Sunday, December 27, 2009

St. Stephen's Day

Yesterday, Dec 26, marks the feast of St. Stephen the Deacon, the first Christian martyr. Stephen was appointed as a deacon by the church in Jerusalem to help organize the distribution of alms to the poorer members. He fell afoul of the Sanhedrin and was tried for blasphemy. He knew he was going to die, and like Socrates took the advantage to make a brilliant speech, haranguing his persecuters for fifty verses and accusing them of ignoring every prophet that God every sent them.

Stephen was dragged outside of the city to be stoned to death, and looking into the sky he saw a vision of God the Father, with God the Son at his right hand. This is one of the few explicit scriptural references to the Trinity, of course, and it is the forerunner of a great many visions of the Trinity that people were to have in the subsequent 2,000 years. And we are told, further, that "kneeling down, he prayed, Lord, hold not this sin against them."

This echoes Christ's words from the cross, "Father forgive them, for they know not what they do." But it's more powerful coming from Stephen. Christ had a very specific purpose for accepting torture and death at the hands of his enemies: the flogging, the crown of thorns, the crucifixion, and the death were necessary in order to atone for man's sins and to reconcile man to God. Every one of those strokes, and every moment of pain, every drop of blood, was necessary, for it had been foretold, "By his stripes we are healed." But Stephen had no such need to be executed; it was a pure injustice, a pure act of evil, unmitigated by any ultimate purpose. And yet Stephen went to his death uncomplaining, praying for his persecutors, that they might not be held culpable for their sin.

Stephen is a moral example for the rest of us, of how to act in the face of injustice, oppression and death. This doesn't mean, I don't think, that all of us are bound to accept the evil and oppressive things that people do to us, and go happily to our deaths. We have the right to try to defend ourselves, and not merely the right but the duty to try to defend others, from oppression, and for that purpose we have armies, police forces, and revolutionary movements. But the example of Stephen impels us to something deeper than mere pacifism. As St. Augustine says, we may resist evil and oppression, in our capacity as agents of political organizations charged with ensuring the public good, but we must do so with love for our enemies.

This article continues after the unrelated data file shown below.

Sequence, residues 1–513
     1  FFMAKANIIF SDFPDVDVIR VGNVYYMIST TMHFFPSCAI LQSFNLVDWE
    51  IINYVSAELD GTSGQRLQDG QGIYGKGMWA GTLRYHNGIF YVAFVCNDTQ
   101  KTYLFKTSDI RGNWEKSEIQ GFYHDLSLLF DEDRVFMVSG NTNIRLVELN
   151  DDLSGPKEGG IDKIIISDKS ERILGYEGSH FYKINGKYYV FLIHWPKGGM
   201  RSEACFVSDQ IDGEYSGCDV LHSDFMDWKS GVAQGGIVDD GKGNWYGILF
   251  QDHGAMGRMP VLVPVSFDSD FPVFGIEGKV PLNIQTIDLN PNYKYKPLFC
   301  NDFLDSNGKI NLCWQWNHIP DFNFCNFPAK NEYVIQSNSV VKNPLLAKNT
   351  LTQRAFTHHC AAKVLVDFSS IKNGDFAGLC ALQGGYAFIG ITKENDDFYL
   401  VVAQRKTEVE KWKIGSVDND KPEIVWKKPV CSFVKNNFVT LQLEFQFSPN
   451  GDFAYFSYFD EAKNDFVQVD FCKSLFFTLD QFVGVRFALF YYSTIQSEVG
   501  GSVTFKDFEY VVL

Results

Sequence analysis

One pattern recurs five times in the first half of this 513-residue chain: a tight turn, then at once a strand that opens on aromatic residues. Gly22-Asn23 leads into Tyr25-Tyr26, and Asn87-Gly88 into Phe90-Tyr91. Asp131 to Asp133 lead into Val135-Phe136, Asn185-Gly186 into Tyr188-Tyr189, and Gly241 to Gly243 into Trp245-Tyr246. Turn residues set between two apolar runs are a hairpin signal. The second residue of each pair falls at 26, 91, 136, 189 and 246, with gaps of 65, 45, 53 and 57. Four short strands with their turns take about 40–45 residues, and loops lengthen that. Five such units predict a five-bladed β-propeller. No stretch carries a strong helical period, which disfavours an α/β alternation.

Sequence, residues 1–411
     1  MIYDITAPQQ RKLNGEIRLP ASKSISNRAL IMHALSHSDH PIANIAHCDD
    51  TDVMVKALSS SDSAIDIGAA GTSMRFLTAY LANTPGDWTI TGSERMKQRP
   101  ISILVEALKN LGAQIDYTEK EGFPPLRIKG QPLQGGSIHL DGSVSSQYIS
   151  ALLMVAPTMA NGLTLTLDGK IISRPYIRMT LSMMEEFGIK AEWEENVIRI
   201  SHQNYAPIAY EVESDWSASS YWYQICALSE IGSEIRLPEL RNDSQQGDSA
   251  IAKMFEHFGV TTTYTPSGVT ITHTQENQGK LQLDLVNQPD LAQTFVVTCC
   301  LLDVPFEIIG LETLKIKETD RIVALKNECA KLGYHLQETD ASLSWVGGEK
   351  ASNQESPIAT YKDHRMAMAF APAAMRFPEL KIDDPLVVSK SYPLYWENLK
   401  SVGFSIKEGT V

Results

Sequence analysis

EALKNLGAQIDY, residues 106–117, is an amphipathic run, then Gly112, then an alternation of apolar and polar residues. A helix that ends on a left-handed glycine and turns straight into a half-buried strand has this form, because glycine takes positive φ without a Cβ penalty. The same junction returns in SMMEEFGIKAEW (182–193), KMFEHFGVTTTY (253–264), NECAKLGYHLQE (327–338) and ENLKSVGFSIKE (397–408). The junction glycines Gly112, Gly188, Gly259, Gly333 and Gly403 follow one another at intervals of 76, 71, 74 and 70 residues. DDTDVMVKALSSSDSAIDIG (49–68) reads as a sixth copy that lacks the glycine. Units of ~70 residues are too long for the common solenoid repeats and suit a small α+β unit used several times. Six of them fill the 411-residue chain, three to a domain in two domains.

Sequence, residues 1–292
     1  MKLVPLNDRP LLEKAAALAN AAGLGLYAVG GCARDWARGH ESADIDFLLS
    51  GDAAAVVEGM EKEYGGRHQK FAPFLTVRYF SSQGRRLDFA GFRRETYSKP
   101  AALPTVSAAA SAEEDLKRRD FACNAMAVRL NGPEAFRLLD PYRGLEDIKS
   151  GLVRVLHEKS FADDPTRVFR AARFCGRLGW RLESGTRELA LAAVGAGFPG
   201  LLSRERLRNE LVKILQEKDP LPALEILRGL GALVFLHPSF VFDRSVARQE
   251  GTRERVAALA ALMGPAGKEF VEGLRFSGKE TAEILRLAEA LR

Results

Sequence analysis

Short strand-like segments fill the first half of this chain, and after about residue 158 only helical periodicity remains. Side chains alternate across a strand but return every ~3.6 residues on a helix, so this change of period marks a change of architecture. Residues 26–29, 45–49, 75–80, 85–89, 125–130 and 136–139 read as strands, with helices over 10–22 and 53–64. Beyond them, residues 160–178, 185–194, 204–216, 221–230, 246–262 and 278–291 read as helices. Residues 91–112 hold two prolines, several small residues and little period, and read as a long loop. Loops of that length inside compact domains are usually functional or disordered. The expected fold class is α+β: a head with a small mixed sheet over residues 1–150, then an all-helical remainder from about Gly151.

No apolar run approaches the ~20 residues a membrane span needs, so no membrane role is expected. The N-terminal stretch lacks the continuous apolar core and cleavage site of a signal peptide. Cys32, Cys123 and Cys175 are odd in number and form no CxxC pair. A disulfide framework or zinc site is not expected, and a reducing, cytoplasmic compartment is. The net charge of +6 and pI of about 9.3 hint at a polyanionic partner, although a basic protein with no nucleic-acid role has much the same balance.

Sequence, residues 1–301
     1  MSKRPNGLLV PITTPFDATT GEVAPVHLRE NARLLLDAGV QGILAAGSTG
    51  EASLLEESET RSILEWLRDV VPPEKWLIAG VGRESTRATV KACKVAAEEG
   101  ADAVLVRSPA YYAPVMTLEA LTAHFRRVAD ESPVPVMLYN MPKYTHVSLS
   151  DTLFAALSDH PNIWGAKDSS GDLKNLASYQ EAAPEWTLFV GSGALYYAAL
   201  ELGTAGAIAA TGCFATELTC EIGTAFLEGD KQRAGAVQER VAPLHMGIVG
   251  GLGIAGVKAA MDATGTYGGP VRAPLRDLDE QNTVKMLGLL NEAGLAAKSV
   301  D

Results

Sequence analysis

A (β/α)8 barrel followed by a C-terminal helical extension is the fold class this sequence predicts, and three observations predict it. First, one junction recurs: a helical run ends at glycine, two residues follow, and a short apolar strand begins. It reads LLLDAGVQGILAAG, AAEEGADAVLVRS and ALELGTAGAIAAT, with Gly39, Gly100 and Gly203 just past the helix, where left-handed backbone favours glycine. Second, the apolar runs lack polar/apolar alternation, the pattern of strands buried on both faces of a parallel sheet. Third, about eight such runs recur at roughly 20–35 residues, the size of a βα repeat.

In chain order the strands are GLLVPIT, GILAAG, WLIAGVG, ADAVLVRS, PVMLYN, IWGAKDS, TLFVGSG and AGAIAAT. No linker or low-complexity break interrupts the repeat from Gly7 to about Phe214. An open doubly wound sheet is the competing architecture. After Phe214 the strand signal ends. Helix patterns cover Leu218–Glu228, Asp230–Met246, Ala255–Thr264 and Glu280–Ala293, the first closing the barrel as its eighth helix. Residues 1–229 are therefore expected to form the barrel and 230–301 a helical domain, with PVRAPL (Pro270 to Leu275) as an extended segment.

What does it mean to love our enemies? It doesn't mean leaving them free to do evil, and it doesn't preclude keeping them from doing evil, even by lethal force if necessary. It does mean that we should do so with no more resort to force than the demands of justice and security demand, and it means that we should always seek their correction and their ultimate good, not merely our own. As St. Augustine puts it in this Treatise on the Epistles of John, "The dove hath no rancor, but with beak and claws she fights for her young. Be fierce against evil, but have a fierceness without rancor: the fierceness not of the raven, but of the dove." We are bound to have mercy on our enemies, when they have been turned away from evil, and we are bound to hope, and pray, for their ultimate salvation.

If Stephen had had the ability he would have had every right to try and escape, and to try and resist his persecutors. But not everything that we may lawfully do, should be done in any particular case. Stephen chose a different way, and made himself an example of self-sacrifice and forbearance. Perhaps in this he was guided by the Spirit, who sought to make him an example of courage and mercy in the face of death, for succeeding generations. For courage, too, is demonstrated in Stephen's last words: he had no fear of death, for he knew that he was soon to wear the crown of a saint. And at the last, he had only love for his enemies. So great was his love for mankind that even in the face of death, his last thought was for his enemies' salvation. Such is the kind of perfect love to which we are called.

Glory be to the Father, and to the Son, and to the Holy Spirit: as it was in the beginning, is now, and ever shall be, world without end. Amen.

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